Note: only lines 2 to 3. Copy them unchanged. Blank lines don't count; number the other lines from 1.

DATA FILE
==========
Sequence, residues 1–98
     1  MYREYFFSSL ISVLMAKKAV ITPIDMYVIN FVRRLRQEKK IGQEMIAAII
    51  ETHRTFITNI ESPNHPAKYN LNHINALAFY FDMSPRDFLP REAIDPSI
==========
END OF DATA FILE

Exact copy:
     1  MYREYFFSSL ISVLMAKKAV ITPIDMYVIN FVRRLRQEKK IGQEMIAAII
    51  ETHRTFITNI ESPNHPAKYN LNHINALAFY FDMSPRDFLP REAIDPSI